Similar to large earthworms, psurlons had long pink tubular bodies with two arms and two legs that were also long and tubular in shape, ending in sharp claws. Their entire bodies were marked with faint rings. In the place of a head, the creature's body ended in a circular maw filled with harp teeth, surrounded by equally spaced visual organs capable of darkvision.
Psurlons typically wore no clothes, except for belts that served utilitarian or decorative purposes, such as carrying items.
Powerful telepaths, psurlons could communicate with any creature out to a range of 250 feet (76 meters). Their innate psionic abilities rendered them immune to effects such as the sleep spell, as well as charm and hold monster effects. Their senses were well adapted to life in the underground darkness, allowing them to perceive vibrations, objects, and creatures out to a range of 60 feet (18 meters).
Psurlons were naturally distrustful and ill-tempered. Clever, cruel, and deceitful creatures, they hated all humanoids and went to great lengths to kill or drive them away from their domains. They also relished fomenting discord among other peoples, manipulating and deceiving leaders and occasionally helping furthering evil goals.
Despite being capable of using their claws and teeth, psurlons were not particularly strong physically, so they relied mostly on their psionic abilities during combat. They were capable of confusing and controlling their opponents via innate abilities such as mind fog, dominate person, suggestion, hold monster, and sleep, among others. More powerful psurlons could also cast disintegrate.
Although typically solitary creatures, psurlons occasionally organized themselves in groups known as "clusters". Living in the deep Underdark, psurlon clusters kept large numbers of psionically dominated slaves and thralls. They were known for convincing goblinoids and gnolls into joining their ranks on occasion.
In the Astral Plane, psurlons waged war against the githyanki for dominance over the plane. They were comparable to the githzerai and mind flayers among the enemies of the githyanki, who kept constant watch against attacks from them in their fortress cities throughout the plane. Psurlons were among the few creatures that were respected by the illithids.
There were three varieties of psurlons. The most common were the average psurlons, a few of which evolved into elder psurlons after reaching a certain age. The transformation was typically followed by an increase in psionic prowess. In some cases, average psurlons undergoing the change transformed into giant psurlons instead, gaining immense physical strength, but no new psychic powers. In either case, they lost none of their intelligence and malevolence.
Psurlons originally inhabited a world in the Prime Material plane, where they first developed their psionic abilities to such a level of skill that it made it possible for them to change their own shapes. These initial experiments originated the first giant psurlons, while other transformed psurlons ended up destroying their original homeworld, forcing the survivors to flee into the Astral Plane.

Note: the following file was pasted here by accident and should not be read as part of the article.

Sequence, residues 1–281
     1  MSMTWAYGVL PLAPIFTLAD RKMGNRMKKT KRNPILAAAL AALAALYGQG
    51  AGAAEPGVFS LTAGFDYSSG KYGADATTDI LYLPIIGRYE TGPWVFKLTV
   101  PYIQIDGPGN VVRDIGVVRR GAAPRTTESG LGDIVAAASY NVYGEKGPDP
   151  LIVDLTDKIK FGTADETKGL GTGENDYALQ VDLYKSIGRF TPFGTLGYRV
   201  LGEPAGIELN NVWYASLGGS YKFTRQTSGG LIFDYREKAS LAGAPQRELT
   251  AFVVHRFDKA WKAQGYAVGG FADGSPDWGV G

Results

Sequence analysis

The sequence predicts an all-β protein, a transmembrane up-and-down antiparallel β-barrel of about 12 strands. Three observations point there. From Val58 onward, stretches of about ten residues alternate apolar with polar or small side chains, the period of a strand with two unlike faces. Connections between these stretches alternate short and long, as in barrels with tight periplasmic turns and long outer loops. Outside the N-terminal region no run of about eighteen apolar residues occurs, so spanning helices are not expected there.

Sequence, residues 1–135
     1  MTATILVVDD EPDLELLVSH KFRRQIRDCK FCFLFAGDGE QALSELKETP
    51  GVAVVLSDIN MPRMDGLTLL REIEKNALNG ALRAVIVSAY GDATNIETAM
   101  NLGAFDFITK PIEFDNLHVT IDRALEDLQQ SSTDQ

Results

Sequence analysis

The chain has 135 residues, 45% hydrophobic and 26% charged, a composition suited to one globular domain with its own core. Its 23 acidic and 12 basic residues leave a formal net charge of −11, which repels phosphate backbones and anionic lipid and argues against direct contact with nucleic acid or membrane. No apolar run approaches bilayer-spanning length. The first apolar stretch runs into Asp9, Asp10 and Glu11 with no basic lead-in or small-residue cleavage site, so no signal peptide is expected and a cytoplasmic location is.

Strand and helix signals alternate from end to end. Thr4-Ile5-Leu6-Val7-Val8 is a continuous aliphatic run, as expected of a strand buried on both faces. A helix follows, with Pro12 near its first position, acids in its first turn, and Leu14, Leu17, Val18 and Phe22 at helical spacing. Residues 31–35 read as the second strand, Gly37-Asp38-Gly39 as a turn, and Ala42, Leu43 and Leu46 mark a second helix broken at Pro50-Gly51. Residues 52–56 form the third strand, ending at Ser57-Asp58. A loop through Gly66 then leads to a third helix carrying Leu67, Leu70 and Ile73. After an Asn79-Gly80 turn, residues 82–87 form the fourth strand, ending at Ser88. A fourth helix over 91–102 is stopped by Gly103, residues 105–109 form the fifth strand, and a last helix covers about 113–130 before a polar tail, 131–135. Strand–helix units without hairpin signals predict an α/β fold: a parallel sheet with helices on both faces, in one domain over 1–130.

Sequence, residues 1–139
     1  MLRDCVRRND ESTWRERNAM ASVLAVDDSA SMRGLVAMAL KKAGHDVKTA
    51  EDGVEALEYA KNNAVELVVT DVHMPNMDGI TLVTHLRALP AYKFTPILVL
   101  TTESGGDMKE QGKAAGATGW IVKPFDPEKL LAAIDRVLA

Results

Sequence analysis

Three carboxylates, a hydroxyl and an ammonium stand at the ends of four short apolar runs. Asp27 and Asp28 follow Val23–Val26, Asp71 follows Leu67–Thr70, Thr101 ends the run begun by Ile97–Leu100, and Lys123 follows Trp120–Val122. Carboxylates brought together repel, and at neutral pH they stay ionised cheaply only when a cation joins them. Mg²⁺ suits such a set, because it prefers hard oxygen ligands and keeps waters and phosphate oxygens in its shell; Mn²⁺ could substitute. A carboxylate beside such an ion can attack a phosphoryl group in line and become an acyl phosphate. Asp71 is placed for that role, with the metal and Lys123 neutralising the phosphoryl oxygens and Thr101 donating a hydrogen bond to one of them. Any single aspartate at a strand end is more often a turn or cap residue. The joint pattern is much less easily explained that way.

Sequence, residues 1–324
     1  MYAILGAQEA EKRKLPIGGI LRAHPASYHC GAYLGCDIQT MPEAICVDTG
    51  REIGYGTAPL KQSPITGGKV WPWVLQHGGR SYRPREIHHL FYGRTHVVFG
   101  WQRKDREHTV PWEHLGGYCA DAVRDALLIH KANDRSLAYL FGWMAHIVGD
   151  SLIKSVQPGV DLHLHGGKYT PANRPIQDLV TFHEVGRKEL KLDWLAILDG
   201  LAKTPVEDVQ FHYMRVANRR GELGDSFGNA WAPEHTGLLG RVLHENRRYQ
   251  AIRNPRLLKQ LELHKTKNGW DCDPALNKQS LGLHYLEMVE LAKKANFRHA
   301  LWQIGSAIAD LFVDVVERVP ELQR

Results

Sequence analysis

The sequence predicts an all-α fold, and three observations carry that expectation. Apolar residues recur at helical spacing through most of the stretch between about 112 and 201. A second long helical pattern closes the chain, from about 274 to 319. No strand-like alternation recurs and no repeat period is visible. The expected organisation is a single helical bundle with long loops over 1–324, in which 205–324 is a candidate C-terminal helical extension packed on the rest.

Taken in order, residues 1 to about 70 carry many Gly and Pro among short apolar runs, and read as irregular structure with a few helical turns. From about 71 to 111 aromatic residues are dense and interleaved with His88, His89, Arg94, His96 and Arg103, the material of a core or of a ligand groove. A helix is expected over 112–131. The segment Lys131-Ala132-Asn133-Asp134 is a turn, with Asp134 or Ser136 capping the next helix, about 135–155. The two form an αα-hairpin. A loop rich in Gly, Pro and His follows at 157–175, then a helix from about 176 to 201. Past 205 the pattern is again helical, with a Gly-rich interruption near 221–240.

Sometime in the 14th century DR, an army of psurlons attacked and destroyed the githyanki settlement of TorNav'roc in the Astral Plane, near the gateway that led into the plane from the Infinite Staircase.
- Tales from the Infinite Staircase
- ↑ 1.0 1.1 1.2 Richard Baker, Ari Marmell, Chris Sims (August 2010). Dark Sun Creature Catalog. (Wizards of the Coast), pp. 80–81. ISBN 978-0-7869-5494-0.
- ↑ 2.0 2.1 2.2 2.3 2.4 2.5 2.6 2.7 2.8 2.9 Ed Bonny, Jeff Grubb, Rich Redman, Skip Williams, and Steve Winter (September 2002). Monster Manual II 3rd edition. (TSR, Inc), pp. 171–173. ISBN 07-8692-873-5.
- ↑ 3.0 3.1 3.2 3.3 3.4 3.5 3.6 3.7 Richard Baker, James Jacobs, and Steve Winter (April 2005). Lords of Madness: The Book of Aberrations. (Wizards of the Coast), pp. 162–165. ISBN 0-7869-3657-6.
- ↑ 4.0 4.1 4.2 Monte Cook (1998). Tales from the Infinite Staircase. Edited by Skip Williams. (TSR, Inc), p. 93. ISBN 0786912049.
- ↑ 5.0 5.1 5.2 Monte Cook, ed. (1998). Monstrous Compendium Planescape Appendix III. Edited by Michele Carter and Ray Vallese. (TSR, Inc.), pp. 76–77. ISBN 0-7869-0751-7.
- ↑ 6.0 6.1 Richard Baker, James Jacobs, and Steve Winter (April 2005). Lords of Madness: The Book of Aberrations. (Wizards of the Coast), p. 177. ISBN 0-7869-3657-6.
- ↑ 7.0 7.1 Bruce R. Cordell, Gwendolyn F.M. Kestrel, Jeff Quick (October 2003). Underdark. (Wizards of the Coast), p. 121. ISBN 0-7869-3053-5.
- ↑ 8.0 8.1 Monte Cook (1998). Tales from the Infinite Staircase. Edited by Skip Williams. (TSR, Inc), p. 87. ISBN 0786912049.
- ↑ Christopher Perkins (July 2003). Tu'narath City Guide. Dungeon 100 Web Supplement. Paizo Publishing.
- ↑ Monte Cook (1998). Tales from the Infinite Staircase. Edited by Skip Williams. (TSR, Inc), p. 85. ISBN 0786912049.
- ↑ Richard Baker, James Jacobs, and Steve Winter (April 2005). Lords of Madness: The Book of Aberrations. (Wizards of the Coast), p. 178. ISBN 0-7869-3657-6.
- ↑ Monte Cook (1998). Tales from the Infinite Staircase. Edited by Skip Williams. (TSR, Inc), pp. 86–87. ISBN 0786912049.